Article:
Broadening the Battlefield

My wife and I were reading through Judges this morning about the story of Gideon. I think we sometimes over-glorify certain Bible characters because God used them to accomplish some amazing things in their day to bless God’s people. Despite God visiting and empowering Gideon to defeat the Midianites who were occupying Israel at the time, in fact, Gideon was a very fearful person and soon after his victory, he used the booty to make a golden image that became an idolatrous stumbling block to the nation. How different was Gideon’s life situation from ours!  

How does the battle Gideon faced as an ancient Israelite apply to our lives as followers of Jesus in the 21st century? For Jesus, Paul and the other apostles, warfare was clearly not about waging literal war against other people. They were peacemakers, healers and ministers of reconciliation. They pulled back the curtain behind the visible world in which we live. Their lives and ministries exposed and dealt with the dark forces that are generally “pulling the strings” that create human strife, deceit, violence, idolatry, war, crime, abuse of authority, illness, relational breakdowns, and many more subtle evils in our world. Paul indicates that the same is true for us in Ephesians. We are called to be this kind of warrior.

10 Finally, be strong in the Lord and in his mighty power. 11 Put on the full armor of God, so that you can take your stand against the devil’s schemes. 12 For our struggle is not against flesh and blood, but against the rulers, against the authorities, against the powers of this dark world and against the spiritual forces of evil in the heavenly realms. 13 Therefore put on the full armor of God, so that when the day of evil comes, you may be able to stand your ground, and after you have done everything, to stand. 14 Stand firm then, with the belt of truth buckled around your waist, with the breastplate of righteousness in place, 15 and with your feet fitted with the readiness that comes from the gospel of peace. 16 In addition to all this, take up the shield of faith, with which you can extinguish all the flaming arrows of the evil one. 17 Take the helmet of salvation and the sword of the Spirit, which is the word of God. Ephesians 6:10-17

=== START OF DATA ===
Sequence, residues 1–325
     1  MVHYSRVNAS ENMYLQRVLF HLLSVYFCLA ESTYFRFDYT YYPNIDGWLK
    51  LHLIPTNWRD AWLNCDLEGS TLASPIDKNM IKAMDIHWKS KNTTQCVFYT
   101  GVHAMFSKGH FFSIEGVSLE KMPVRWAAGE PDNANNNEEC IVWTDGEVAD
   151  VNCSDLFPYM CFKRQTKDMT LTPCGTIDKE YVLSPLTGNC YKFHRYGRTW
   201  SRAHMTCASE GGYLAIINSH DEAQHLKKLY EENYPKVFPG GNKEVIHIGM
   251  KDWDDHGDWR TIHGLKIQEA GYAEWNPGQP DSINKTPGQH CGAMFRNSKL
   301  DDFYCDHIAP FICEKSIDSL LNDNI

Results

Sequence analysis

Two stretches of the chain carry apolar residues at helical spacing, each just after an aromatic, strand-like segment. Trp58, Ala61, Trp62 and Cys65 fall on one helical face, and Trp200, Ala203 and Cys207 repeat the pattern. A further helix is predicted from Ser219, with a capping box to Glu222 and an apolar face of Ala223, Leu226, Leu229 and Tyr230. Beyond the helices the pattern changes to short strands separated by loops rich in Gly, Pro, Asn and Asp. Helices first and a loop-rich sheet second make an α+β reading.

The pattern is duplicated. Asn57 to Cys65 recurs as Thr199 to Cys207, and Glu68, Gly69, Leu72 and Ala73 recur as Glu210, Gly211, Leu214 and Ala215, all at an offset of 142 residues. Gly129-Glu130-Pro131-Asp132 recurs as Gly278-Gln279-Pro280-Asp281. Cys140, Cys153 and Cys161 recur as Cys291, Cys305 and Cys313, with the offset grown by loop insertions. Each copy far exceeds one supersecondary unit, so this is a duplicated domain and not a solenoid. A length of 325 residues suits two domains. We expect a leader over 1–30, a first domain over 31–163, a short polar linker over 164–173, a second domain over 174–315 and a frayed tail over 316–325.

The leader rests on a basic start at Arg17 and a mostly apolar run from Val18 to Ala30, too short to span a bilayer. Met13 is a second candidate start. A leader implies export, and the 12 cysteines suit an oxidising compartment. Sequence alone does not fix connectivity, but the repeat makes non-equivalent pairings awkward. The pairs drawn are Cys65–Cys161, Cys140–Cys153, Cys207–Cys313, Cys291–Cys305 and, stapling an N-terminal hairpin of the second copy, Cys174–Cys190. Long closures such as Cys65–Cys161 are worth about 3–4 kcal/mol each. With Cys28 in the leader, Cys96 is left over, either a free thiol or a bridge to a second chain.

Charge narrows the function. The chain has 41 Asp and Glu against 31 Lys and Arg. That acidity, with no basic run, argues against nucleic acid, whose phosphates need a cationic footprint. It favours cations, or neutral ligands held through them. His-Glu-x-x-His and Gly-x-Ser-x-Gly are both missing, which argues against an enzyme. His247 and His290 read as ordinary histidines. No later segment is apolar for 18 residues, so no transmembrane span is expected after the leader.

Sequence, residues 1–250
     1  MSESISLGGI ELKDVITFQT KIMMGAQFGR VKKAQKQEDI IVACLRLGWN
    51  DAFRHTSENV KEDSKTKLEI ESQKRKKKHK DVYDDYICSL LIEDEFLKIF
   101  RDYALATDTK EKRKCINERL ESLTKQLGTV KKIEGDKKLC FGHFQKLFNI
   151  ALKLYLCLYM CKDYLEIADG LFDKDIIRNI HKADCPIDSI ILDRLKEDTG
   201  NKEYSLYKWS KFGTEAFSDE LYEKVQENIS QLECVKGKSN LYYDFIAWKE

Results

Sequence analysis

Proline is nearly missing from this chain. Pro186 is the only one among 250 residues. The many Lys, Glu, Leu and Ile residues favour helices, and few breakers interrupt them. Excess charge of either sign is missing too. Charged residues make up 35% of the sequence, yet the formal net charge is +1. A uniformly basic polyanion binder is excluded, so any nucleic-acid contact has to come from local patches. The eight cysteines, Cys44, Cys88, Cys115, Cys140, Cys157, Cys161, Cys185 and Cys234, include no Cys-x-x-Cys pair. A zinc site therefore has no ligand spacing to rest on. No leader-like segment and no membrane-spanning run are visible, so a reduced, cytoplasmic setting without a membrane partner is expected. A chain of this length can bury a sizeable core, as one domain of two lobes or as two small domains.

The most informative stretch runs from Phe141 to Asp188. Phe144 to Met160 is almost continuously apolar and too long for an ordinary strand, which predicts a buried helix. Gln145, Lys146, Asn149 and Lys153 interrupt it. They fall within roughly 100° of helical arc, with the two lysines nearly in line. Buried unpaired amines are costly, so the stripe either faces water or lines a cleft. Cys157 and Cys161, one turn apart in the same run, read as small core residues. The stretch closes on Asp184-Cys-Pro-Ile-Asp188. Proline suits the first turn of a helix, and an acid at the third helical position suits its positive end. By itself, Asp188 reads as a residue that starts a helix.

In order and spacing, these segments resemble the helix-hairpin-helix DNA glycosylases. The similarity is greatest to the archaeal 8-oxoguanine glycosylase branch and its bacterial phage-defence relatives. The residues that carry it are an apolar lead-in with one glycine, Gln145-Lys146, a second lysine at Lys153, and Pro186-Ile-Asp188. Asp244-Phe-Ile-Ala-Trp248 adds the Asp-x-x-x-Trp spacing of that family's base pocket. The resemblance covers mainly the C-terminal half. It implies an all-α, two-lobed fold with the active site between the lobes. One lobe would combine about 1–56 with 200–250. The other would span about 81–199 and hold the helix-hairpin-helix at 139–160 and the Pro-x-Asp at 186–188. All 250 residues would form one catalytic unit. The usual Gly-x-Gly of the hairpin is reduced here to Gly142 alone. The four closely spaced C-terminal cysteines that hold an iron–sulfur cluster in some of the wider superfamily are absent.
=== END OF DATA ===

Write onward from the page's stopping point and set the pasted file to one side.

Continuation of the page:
I am all in favor of engaging in some of the more obvious activities that relate to our wrestling match with evil forces … focused prayer and fasting, speaking to power, delivering people from evil spirits, being practically engaged in our culture at large. However, I also think it is important to point out some of the softer counter-intuitive ways that we actually engage in our wrestling match with evil powers. We need to broaden our understanding of the battlefield and realize that some of our weapons are quite subtle in nature.

Here are a few that I think of:

  1. Regulating our big emotions that can trigger us to rely on our flesh.
  2. Speaking the truth in love to the people around us.
  3. Being long-suffering and patient.
  4. Keeping (and returning quickly to) our peace and remaining relational at all times and living in rest.
  5. Being tender in our responses to weakness in others.
  6. Spreading the joy of Jesus by looking into someone’s eyes and smiling.
  7. Trusting in God’s goodness when situations are challenging.
  8. Doing the next right thing God’s Spirit is inspiring you to do.
  9. Offering a hug to someone who is upset.
  10. Remaining curious when someone is upset with us.

I view these kinds of responses to living in an interactive relationship with the Father, Son and Holy Spirit as mighty and devastating weapons against the principalities of darkness. They may not seem very heroic, but they are! You and I can become these kinds of “spiritual warriors” in our spheres of influence.

If you wish to take a deeper dive into learning more about finding peace, living in rest and spreading the joy of Jesus during a crisis using methods grounded in scripture and cutting-edge neuroscience, consider getting the resource Passing the Peace. You will learn in detail three easy to remember steps to finding peace and get a greater understanding of how to help prevent compassion fatigue, care for secondary post-traumatic stress and other emotional injuries to people facing crisis.

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April 22 - 24, 20/20

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